Custom Ubuntu’s root file-system for the panda-board

Since I started to work with the beagle-board, one of my main concerns has been generate a custom image with the minimal setup required for the task: In my opinion it is important to have installed only the necessary and do not bloat the SD with a full featured distribution. In this way, we will control the dependencies, and we will remove possible points of failure which only will drowse our cycle of development/testing.

In the case of a OMAP3 base board or any other board with inferior capabilities, the solutions were in builder systems with cross-compilation support, such as OpenEmbedded, Buildroot, etc.. Those builders use the cross-compilation technique to generate custom images for the target hardware.

But in OMAP4 we are in the border line between an embedded system and a PC, and because of this, I needed a kind of a mixed approach: a native compiling environment within a custom image, in order to set it up as a builbot slave.

As I attained certain experience with OpenEmbedded I started to craft a custom native-sdk image, with rather thwarted results: after several days of patches and bug fixes, I was not able to compile, in the panda-board, the software I was willing to test.

Dodging the OE’s approach, I decided to uproot it and I started to explore new paths. Soon I stumbled with rootstock: a shell script which generates custom images of the Ubuntu distribution for the ARM architecture.

Nonetheless I tried it under Debian, since I don’t have any machine with Ubuntu. The script is difficult to trace and its logs are not useful on many occasions, mainly when the processing occurs in the qemu virtual machine. Anyway, I found that the qemu distributed by Squeeze was not functional in this particular case, so I grabbed the latest code from its repository, I compiled it and it worked like a charm.

NOTE: use the latest code of the RootStock hosted in the Launchpad bazaar repository.

At the end I came with a script where I set the parameters for my particular use case:


export TMPDIR=$(pwd)/tmp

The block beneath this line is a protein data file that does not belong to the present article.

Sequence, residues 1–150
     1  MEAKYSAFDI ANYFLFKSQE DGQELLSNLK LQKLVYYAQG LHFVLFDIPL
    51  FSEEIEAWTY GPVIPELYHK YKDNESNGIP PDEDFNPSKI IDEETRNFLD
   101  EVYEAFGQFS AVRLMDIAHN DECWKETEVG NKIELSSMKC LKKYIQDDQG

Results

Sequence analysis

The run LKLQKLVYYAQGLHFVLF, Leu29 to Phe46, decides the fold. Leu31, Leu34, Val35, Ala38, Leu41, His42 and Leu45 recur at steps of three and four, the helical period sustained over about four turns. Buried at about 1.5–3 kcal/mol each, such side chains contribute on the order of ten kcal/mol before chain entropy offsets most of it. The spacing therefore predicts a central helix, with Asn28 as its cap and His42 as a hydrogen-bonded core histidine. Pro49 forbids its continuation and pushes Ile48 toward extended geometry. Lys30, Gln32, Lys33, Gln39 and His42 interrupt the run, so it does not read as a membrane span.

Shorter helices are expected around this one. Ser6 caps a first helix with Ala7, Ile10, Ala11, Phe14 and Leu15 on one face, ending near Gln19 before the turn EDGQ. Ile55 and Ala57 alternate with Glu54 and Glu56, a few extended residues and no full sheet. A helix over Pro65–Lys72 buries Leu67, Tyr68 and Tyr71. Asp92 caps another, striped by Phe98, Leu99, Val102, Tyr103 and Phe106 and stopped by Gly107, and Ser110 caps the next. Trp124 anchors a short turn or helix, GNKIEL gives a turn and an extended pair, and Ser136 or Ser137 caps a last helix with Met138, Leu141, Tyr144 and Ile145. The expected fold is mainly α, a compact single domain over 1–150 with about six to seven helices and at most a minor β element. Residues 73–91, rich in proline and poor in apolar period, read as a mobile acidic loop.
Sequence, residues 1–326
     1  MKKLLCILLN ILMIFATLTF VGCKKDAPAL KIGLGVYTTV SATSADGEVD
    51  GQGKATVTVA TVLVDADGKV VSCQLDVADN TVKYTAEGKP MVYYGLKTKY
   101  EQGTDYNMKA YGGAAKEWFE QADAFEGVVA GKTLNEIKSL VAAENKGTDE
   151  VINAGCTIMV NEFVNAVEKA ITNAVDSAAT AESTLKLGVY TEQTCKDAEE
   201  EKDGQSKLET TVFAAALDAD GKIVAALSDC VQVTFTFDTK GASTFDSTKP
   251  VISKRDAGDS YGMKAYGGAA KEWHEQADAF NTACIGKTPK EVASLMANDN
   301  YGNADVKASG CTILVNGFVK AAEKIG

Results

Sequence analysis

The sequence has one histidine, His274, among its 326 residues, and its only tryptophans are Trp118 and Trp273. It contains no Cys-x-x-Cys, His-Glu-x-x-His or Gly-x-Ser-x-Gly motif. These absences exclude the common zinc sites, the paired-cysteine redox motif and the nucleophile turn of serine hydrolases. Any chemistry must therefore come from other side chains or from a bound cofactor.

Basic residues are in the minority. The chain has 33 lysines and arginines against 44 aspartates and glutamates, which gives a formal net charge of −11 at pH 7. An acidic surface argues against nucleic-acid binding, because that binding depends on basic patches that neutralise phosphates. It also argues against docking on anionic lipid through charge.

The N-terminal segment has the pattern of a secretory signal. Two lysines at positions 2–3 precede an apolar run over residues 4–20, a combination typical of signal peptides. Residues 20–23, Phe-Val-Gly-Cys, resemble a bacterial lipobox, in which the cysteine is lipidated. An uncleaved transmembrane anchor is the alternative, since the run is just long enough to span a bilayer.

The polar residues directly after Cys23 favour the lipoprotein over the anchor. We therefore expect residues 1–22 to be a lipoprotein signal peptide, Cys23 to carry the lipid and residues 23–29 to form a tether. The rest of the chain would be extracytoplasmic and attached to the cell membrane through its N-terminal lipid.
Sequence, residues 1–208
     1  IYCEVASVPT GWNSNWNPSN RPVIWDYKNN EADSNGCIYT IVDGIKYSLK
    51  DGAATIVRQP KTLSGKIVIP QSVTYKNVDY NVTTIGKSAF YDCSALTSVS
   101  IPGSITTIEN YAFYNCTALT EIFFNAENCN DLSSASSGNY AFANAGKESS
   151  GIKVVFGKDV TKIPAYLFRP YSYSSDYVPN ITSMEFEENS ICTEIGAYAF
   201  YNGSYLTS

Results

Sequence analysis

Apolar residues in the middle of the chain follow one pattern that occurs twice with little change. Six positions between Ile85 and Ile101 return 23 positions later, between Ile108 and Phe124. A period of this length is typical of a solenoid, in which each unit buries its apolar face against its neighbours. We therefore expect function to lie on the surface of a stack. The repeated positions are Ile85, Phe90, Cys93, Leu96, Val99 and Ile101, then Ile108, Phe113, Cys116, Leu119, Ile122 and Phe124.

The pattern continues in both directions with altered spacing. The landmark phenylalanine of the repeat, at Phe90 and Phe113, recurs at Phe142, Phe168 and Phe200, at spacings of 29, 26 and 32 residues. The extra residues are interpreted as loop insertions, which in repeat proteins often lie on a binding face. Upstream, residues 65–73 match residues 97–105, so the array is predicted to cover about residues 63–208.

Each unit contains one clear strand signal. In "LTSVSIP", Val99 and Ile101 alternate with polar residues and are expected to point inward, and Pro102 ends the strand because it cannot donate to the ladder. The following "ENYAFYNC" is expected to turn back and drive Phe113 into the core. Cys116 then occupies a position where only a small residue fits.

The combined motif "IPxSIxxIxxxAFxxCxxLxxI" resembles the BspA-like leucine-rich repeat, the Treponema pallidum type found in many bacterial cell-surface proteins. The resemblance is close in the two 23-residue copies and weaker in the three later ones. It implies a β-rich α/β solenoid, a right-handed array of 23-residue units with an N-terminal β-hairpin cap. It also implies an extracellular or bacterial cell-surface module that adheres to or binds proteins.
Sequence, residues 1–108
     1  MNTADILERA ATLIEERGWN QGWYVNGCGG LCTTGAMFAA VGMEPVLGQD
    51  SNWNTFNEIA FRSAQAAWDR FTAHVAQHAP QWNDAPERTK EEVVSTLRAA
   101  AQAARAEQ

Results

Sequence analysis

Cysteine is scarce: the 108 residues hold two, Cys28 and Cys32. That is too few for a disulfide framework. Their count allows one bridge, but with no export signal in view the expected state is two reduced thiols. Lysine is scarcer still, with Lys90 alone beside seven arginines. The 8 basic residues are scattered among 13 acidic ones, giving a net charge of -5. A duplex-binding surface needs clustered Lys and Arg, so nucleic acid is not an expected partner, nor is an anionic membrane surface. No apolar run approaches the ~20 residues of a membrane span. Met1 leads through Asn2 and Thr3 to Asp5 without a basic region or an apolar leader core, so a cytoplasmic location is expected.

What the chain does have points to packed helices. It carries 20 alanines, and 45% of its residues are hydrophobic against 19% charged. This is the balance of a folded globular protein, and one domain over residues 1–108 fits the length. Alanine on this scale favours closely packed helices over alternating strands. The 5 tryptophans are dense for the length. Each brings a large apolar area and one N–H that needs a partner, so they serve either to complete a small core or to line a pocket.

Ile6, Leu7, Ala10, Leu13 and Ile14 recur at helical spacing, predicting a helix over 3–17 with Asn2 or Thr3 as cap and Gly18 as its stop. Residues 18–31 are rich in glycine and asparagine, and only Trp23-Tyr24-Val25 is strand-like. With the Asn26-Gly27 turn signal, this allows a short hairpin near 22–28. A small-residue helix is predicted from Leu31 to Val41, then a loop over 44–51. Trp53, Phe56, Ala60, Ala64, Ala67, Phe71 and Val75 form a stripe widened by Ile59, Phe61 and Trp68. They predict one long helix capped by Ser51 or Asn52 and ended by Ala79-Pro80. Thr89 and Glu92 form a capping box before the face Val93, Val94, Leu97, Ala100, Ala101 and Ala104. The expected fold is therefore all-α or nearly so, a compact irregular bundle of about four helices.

export PATH=$PATH:/usr/sbin/:/sbin:/opt/qemu/bin

[ -d $TMPDIR ] || mkdir -p $TMPDIR


./rootstock --fqdn 
            --login user 
            --password 000  
            --imagesize 512M 
            --dist maverick 
            --serial ttyO2 
            --seed $BASE,$V8_DEPS,$JSC_DEPS

In this way I can generate a minimal image, in a tarball, for my panda build-slave.

AAC decoder for gst-dsp

One of my purposes for this year was collaborate with the gst-dsp project. But the JPEG decoder was not enough, as there are other released socketnodes by TI which are not yet wrapped in gst-dsp, such as, in this case, the AAC decoder.

gst-dsp is a project with only video decoding use case in mind, and audio streams might not be optimally handled by it. The biggest concern was about the memory mapping of small buffers, which could consume more CPU rather than the direct decoding. Nevertheless I decided give it a try.

These last two weeks I devoted them to pull out the dspadec element and it seems to perform quite good without any significant modification in the gst-dsp core. You can find the submitted patches in the gst-dsp mailing list.

These patches are still in review process and perhaps they will not land on the repository, nevertheless, I also updated the marmita’s recipes in order to provide an installable image for the beagleboard, so anybody could test this new element.

Among other candies, this marmita snapshot brings libsoup and the souphttpsrc GStreamer element, besides all the alsa stuff for the audio rendering. Also gdb hit into the tarball.

Enjoy it!

These bytes were brought to you thanks to Igalia, who sponsored this development.

my DSP related activities

When I started to play with the Beagleboard, my objective was to poke with the DSP accelerated codecs through OpenMAX and GStreamer. But soon I realized that it would be a hard task to achieve since the framework, developed by Texas Instrument, is in part proprietary (though free), and the another is open source, but it is not developed with an open source community in mind.

When I started to pulled it out, the first decision I had to face was to choose a cross compiling environment. As you know, there are plenty: scratchbox, OpenEmbedded, buildroot, PTXdist, etc. But just because people I know from TI began to write recipes for Poky, I devoted some time learning about it. Although, after a while, I jumped into OpenEmbedded. The reason were the slow updating rate against upstream which Poky had (and as I don’t follow the project anymore, I’m not aware about its current state).